The SOE Act defines an SOE's main purpose to be as profitable and efficient as comparable businesses that are not owned by the Crown. Each SOE is required to be a good employer and to show a sense of social responsibility. Each SOE's accountability statement describes the SOE's specific purpose.

Part 3 of the SOE Act details specific accountability requirements and the information to be provided to shareholding Ministers and Parliament. An SOE is required to present an annual accountability statement and annual and half-yearly reports on the accountability statement to Parliament. The accountability statement:

  • is fundamental to a Board's governance responsibilities to the shareholding Minister;
  • discloses in advance the SOE's objectives and scope of operations, among other things, for the three-year period;
  • discloses the basis on which the Board will be held accountable at the end of the financial year; and
  • provides a basis for informed public debate about matters such as:
    • the corporate objectives of each SOE and the nature and scope of activities that they carry out;
    • any non-commercial obligations that the SOE accepts and the manner and amount of compensation; and
    • how profits should be used.

In the past, these information requirements were a significant difference between public sector and private sector companies. However, changes in the disclosure requirements of the Australian Securities Exchange suggest that expectations of the information disclosure by private sector companies are increasing and that the "gap" between public and private sector disclosure requirements is reducing.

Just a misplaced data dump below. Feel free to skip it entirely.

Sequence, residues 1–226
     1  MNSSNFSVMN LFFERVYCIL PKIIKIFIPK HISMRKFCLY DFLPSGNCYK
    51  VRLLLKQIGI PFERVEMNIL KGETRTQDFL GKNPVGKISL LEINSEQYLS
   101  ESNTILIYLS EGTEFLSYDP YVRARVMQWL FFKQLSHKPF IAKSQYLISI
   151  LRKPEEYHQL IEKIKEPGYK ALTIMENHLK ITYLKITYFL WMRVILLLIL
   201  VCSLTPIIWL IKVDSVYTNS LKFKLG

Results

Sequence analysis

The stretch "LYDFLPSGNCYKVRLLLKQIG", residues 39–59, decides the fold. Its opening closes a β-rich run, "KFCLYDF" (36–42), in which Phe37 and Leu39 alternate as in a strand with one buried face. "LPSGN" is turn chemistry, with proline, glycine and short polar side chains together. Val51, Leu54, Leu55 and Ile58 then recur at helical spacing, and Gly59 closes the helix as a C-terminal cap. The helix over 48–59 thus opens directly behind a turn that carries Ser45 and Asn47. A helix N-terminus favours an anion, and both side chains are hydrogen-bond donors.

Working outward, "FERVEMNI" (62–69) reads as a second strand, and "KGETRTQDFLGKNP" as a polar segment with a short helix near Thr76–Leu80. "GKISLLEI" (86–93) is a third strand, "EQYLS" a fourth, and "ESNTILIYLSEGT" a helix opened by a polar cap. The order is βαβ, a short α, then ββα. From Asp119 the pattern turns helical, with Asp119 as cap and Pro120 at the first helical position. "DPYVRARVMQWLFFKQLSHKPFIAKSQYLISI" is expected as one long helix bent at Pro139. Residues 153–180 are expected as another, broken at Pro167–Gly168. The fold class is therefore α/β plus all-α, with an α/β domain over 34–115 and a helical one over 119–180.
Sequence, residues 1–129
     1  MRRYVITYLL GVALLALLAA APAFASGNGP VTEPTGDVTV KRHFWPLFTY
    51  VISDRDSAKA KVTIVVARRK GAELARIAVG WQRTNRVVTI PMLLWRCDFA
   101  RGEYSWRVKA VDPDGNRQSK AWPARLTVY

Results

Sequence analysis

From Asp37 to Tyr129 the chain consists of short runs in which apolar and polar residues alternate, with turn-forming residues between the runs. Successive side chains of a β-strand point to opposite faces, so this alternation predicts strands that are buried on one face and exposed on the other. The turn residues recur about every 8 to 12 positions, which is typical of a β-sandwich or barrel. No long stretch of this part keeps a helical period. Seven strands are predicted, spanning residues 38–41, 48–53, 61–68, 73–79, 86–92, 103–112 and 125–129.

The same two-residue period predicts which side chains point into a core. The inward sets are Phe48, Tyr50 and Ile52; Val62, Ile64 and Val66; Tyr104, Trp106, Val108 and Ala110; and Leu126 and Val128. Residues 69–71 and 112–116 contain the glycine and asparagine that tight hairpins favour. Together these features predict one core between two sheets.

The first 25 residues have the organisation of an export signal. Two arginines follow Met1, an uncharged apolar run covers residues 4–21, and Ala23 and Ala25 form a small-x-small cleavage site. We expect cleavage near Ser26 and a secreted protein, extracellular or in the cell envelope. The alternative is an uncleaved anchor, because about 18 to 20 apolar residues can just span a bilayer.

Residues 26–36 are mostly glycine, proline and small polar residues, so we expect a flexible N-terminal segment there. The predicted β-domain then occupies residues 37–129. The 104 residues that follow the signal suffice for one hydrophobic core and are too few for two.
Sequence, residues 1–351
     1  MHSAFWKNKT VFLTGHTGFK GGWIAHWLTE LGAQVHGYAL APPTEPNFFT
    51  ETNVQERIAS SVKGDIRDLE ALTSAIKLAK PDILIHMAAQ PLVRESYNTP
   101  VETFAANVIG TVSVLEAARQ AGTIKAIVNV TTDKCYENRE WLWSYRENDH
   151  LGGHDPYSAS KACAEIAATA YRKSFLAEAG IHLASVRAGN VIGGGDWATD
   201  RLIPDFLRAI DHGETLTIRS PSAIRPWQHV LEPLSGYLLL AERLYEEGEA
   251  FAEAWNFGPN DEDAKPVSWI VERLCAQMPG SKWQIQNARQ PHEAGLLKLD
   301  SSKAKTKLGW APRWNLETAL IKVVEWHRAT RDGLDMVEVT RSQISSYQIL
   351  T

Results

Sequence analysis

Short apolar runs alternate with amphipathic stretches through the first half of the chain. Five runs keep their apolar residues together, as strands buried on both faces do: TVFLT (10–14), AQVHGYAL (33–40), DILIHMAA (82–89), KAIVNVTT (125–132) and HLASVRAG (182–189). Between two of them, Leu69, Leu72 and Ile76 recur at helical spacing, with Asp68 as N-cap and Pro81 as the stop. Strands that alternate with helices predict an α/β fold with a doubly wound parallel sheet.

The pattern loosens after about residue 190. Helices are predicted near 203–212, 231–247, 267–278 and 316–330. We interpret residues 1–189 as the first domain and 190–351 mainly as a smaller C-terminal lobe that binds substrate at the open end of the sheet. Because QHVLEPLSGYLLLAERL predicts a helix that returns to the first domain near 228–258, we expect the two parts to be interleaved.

An SOE has two shareholding Ministers the Minister of Finance and a responsible Minister (normally the Minister for SOEs). COMU is the monitoring agent for shareholding Ministers. It provides those Ministers with advice on SOEs' performance. COMU helps in appointing Board members.

In its 2013 report for the Treasury Review of Monitoring of Solid Energy, Deloitte set out the main changes in SOE monitoring arrangements from 2008 to 2013:

  • In 2009, shareholding Ministers introduced a regime for larger SOEs to keep the public informed on matters that could have a material effect on an SOE's commercial value. Deloitte reported that this was extended to all SOEs from 2012.
  • In 2010, COMU moved its focus from helping executives to more independently assess the Board and a move from a narrow "performance against plan" assessment to a broader performance focus supported by benchmarking and increased public scrutiny of performance.
  • In 2010, the Minister's letter of expectations set out a desire for Boards to modify dividend policies to become more commensurate with listed companies and for more consistent and improved payout levels over the years.20

19: In October 2009, the Government set up the Crown Research Institute Taskforce to work out how New Zealand could get the greatest benefit from CRIs. Crown Research Institute Taskforce (2010) How to enhance the value of New Zealand's investment in Crown Research Institutes, available at

20: Deloitte (April 2013), The Treasury: Review of Monitoring of Solid Energy, chapter 5, pages 17-31.